Read all of Father Cantalamessa's They All Ate and Were Satisfied - Gospel Commentary for 18th Sunday in Ordinary Time.

Wednesday, July 30, 2008

Pulling the Plug on the Sacred Cows


A great Girardian clip, don't you think?

Scandal - René Girard

The word skandalon (in the New Testament) means a 'mimetic stumbling-block,' something that triggers mimetic rivalry ... Skandalon becomes the inability to walk away from mimetic rivalry, an inability that turns rivalry into an addiction, servitude, because we kneel in front of those who are important for us, without seeing what is at stake. The proliferation of scandals, meaning of mimetic rivalry, is what produces disorder and instability in society, but this instability is put to an end by the scapegoat resolution, which produces order. Satan casts out Satan, meaning that the scapegoat mechanism produces a false transcendence that stabilizes society, through a satanic principle, and the order cannot but be only temporary, and it is bound to revert, sooner or later, into the disorder of scandals.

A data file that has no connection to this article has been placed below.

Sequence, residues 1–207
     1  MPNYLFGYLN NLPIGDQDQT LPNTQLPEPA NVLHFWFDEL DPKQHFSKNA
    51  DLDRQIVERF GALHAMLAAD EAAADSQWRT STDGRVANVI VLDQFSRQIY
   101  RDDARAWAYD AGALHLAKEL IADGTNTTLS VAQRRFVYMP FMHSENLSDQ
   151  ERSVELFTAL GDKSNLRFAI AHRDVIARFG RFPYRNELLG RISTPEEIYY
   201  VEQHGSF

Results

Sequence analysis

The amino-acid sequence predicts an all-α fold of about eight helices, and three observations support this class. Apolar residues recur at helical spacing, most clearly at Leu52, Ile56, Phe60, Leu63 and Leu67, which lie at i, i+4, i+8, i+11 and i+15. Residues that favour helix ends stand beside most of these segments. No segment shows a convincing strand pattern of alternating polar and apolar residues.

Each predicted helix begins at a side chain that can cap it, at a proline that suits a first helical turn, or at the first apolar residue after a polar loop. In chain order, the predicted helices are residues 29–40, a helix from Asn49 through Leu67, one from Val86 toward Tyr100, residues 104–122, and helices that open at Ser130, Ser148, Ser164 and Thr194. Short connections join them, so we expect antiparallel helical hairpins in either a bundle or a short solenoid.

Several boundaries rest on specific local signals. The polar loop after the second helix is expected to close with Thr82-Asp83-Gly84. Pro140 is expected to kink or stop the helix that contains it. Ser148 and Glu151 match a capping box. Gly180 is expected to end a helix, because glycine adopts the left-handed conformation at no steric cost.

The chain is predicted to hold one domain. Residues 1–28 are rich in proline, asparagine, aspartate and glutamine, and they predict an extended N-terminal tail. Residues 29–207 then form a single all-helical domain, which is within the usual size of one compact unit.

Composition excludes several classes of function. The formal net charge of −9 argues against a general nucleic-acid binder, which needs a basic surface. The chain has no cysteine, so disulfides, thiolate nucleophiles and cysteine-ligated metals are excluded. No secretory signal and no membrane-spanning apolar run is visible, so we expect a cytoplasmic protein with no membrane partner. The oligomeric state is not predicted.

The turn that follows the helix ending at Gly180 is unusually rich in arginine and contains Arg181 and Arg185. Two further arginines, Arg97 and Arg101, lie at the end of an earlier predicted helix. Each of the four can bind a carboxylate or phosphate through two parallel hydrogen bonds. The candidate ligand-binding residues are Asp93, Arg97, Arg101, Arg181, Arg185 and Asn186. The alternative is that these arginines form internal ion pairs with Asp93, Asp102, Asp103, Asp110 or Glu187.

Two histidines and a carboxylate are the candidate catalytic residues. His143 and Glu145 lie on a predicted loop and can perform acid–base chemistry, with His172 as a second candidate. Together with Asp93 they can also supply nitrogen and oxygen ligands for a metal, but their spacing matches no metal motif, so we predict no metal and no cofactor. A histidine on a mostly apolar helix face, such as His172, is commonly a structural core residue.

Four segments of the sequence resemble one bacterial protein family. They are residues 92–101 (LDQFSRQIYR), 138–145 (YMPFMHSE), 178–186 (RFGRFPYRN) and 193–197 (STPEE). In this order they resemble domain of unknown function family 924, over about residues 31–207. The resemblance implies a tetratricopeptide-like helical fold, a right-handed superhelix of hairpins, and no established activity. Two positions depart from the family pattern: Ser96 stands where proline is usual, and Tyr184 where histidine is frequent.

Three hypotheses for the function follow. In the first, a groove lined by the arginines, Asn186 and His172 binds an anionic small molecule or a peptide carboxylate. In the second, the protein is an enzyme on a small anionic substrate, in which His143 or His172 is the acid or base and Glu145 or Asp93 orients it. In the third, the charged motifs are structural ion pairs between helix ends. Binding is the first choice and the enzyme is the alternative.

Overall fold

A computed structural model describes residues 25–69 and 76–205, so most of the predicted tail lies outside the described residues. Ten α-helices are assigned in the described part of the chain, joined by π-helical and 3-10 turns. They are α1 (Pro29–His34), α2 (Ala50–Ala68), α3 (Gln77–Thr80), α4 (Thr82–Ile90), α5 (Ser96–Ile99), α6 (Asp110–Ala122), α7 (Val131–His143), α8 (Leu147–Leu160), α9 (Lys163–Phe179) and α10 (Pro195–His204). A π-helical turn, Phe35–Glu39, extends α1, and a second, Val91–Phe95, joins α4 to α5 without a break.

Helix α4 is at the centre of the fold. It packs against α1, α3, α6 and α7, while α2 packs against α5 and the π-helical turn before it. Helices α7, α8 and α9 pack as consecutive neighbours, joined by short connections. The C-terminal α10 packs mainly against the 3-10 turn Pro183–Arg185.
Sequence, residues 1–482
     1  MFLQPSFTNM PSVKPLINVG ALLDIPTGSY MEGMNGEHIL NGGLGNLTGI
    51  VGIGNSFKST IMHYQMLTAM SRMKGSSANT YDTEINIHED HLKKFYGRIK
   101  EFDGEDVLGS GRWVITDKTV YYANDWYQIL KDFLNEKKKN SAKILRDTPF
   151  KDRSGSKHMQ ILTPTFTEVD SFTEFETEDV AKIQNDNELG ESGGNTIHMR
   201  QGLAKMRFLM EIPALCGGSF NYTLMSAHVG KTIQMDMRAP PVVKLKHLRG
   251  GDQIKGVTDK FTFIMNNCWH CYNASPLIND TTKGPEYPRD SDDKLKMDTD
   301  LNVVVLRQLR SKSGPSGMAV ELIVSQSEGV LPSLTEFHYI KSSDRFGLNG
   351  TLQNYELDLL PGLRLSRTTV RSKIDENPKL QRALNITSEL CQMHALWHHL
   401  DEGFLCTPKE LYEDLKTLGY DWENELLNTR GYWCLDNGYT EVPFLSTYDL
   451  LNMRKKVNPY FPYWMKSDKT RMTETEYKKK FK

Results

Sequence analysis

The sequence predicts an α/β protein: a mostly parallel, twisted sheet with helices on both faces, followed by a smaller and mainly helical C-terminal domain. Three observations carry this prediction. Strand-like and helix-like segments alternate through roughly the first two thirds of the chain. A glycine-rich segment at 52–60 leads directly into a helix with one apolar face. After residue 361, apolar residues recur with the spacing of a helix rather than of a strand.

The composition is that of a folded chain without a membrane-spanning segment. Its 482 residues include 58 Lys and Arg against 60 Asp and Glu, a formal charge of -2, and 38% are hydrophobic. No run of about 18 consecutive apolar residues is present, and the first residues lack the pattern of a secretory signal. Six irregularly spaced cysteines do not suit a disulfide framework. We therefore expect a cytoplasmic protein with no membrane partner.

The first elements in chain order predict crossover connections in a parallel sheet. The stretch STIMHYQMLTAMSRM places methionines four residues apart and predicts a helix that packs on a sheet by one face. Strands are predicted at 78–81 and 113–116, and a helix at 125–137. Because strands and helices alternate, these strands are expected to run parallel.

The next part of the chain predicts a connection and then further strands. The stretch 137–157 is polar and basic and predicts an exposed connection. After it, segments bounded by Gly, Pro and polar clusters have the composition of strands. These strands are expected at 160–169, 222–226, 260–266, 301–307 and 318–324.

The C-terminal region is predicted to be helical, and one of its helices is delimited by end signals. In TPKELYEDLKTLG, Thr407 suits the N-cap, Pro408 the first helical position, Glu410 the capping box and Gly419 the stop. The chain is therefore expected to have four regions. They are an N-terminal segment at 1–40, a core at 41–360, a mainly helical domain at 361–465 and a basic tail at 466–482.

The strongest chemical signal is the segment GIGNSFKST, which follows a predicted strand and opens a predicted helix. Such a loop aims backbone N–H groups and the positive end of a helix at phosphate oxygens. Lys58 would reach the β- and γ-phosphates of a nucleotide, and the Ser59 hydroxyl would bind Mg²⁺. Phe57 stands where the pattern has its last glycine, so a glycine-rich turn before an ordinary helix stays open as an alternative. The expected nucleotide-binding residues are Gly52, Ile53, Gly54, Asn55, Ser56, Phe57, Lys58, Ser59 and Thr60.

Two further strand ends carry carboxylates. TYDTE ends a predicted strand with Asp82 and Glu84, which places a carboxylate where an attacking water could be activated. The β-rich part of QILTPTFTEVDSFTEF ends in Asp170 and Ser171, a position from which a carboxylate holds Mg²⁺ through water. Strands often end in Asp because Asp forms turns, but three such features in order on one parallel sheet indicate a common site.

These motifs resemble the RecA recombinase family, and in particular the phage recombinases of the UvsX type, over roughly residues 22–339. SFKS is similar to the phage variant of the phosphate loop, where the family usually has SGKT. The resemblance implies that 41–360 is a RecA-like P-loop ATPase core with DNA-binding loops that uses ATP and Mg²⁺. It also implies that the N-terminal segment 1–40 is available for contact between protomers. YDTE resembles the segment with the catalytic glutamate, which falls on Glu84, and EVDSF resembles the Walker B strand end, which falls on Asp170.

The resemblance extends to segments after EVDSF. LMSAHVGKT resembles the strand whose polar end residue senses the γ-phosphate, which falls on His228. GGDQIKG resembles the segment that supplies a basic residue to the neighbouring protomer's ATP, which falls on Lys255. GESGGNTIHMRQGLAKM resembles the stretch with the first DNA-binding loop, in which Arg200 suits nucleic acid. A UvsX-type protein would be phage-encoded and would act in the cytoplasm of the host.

- René Girard, Evolution and Conversion

Babies and Distributism